Reducing Recidivism through Correctional Education: The Roles of Neoclassical and Behavioral Economics

  • Laura Erickson The George Washington University


The correctional system in the United States is expensive and often punitive rather than rehabilitative. One potential way to reduce both recidivism rates and criminal justice spending is through correctional education. This paper explores the value of correctional education through both neoclassical and behavioral economic perspectives and considers potential tradeoffs and implementation challenges to expanding correctional education. Policymakers and the public at large may hesitate to provide such a service, but it is important to consider cost-effective ways to reduce recidivism. Ultimately, evidence suggests that correctional education is an effective way to reduce recidivism rates and potentially save money.

Author Biography

Laura Erickson, The George Washington University

LAURA ERICKSON is a second-year Master of Public Policy candidate at George Washington University where she is concentrating in Social Policy. Her particular policy interest is the intersection of criminal justice and racial inequality. She graduated from Auburn University in 2016 with degrees in Political Science and Sociology. Laura is a Child and Youth Policy Intern in the office of the Assistant Secretary for Planning and Evaluation at the Department of Health and Human Services. She also served as the MPP Professional Development Co-Chair for the Trachtenberg Student Organization.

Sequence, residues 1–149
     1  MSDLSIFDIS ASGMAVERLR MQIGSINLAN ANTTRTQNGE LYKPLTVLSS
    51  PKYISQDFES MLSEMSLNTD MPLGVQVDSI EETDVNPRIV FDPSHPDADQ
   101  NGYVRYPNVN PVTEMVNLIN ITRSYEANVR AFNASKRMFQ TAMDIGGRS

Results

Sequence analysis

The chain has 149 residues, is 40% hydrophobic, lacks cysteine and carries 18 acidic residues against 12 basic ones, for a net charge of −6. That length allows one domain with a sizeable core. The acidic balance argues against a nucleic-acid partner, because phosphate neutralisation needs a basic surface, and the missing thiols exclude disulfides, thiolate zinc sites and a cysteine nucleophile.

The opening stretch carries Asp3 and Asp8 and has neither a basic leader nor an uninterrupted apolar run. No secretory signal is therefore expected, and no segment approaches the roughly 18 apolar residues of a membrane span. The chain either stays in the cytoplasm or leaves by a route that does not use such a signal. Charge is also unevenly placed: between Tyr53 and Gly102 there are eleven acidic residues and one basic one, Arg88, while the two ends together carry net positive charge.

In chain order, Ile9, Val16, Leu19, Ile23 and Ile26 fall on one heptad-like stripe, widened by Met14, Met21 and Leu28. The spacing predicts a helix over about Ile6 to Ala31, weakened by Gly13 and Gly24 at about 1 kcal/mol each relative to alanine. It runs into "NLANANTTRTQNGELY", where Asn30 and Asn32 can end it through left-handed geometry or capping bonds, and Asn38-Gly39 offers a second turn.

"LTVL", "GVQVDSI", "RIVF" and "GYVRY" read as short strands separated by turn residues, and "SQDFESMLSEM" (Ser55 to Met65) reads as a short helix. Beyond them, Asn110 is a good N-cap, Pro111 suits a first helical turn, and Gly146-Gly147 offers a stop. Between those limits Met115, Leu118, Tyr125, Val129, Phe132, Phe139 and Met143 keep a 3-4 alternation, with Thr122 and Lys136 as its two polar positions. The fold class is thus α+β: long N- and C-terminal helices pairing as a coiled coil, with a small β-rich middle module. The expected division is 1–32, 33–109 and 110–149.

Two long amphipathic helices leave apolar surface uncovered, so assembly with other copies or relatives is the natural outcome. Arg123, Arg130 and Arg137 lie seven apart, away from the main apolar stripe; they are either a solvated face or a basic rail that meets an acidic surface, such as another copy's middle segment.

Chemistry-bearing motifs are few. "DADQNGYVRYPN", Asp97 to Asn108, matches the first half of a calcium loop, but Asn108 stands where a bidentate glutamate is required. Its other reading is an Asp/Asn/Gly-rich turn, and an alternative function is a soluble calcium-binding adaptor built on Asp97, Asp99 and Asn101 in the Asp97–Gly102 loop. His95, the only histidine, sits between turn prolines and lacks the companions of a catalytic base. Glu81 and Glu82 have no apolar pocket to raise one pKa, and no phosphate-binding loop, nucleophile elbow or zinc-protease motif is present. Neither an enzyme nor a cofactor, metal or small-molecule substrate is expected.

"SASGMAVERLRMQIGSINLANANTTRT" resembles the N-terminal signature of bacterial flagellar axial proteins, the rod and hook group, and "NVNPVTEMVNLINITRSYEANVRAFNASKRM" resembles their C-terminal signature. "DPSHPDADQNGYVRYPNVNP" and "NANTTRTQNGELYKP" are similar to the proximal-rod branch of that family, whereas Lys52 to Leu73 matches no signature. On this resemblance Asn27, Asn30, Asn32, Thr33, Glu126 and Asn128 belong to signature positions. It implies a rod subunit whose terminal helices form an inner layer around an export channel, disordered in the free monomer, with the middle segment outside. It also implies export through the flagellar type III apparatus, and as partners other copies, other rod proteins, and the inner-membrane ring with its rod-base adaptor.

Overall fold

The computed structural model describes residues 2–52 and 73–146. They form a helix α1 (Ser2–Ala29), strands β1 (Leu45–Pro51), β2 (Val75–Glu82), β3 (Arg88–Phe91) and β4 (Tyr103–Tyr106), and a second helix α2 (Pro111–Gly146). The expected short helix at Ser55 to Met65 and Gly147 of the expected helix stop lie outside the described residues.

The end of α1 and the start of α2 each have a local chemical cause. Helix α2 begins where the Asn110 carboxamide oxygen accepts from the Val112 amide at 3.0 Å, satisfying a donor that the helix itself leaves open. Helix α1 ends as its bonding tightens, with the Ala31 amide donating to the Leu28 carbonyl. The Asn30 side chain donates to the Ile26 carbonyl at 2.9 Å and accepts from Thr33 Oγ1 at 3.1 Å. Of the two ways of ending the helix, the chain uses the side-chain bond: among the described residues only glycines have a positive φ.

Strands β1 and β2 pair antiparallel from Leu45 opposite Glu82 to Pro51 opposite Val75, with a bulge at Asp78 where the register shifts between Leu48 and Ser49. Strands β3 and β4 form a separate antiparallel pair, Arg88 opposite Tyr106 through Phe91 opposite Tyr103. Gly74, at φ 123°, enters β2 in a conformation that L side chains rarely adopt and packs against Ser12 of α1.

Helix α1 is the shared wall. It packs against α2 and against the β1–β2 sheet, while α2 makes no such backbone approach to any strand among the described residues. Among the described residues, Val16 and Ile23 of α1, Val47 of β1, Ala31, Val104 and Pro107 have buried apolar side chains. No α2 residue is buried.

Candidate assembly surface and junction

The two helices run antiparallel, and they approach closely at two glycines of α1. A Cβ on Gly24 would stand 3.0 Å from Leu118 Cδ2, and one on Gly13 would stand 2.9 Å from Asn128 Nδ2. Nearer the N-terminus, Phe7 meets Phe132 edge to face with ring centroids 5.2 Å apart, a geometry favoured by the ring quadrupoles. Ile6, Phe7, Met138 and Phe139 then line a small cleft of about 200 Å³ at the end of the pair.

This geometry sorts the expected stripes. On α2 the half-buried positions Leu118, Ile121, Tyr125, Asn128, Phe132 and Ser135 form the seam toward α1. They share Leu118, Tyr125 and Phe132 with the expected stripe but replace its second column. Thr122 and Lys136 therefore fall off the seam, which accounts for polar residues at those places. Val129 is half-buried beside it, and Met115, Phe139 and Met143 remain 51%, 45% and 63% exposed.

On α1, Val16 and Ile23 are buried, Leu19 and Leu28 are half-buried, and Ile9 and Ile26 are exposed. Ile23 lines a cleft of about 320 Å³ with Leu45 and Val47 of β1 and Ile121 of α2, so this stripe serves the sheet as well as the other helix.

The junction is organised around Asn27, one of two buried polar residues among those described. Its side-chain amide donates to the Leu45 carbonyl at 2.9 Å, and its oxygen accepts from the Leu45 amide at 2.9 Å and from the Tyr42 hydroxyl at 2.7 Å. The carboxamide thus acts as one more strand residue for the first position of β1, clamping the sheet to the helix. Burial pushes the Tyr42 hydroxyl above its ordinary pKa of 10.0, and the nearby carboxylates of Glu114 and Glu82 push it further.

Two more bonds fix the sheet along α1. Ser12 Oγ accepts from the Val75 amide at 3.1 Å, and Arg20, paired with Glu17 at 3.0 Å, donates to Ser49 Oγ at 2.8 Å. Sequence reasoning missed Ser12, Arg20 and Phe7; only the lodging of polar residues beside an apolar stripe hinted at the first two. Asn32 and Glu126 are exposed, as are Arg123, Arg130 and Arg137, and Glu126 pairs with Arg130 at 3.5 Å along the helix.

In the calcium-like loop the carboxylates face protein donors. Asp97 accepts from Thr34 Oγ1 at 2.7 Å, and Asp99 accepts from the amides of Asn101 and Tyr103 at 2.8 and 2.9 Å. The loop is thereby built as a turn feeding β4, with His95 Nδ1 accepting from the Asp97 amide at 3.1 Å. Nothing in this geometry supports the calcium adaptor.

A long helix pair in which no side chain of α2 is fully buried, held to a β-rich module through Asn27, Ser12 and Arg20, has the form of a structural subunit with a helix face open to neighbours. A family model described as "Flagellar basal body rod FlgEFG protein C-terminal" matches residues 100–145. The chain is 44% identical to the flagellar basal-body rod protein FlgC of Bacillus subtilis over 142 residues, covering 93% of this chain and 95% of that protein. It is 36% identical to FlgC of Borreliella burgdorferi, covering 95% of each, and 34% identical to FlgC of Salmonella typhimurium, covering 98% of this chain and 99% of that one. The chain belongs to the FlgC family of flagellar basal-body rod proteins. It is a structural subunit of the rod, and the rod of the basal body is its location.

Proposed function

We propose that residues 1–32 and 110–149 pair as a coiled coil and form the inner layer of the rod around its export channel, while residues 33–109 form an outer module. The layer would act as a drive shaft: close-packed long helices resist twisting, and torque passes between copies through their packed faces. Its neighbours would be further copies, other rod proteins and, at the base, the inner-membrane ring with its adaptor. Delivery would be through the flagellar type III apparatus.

The author would like to thank everyone from Policy Perspectives for their insight and guidance, particularly Brittany Harris, Abigail Johnson, and Professor Marvin Phaup. She would also like to thank Professor Gerald Brock, for whose class this paper was written. Finally, she would like to thank her parents, Carol and Teddy Erickson, and her boyfriend, Brian Bender. She is grateful for their encouragement and support throughout this process.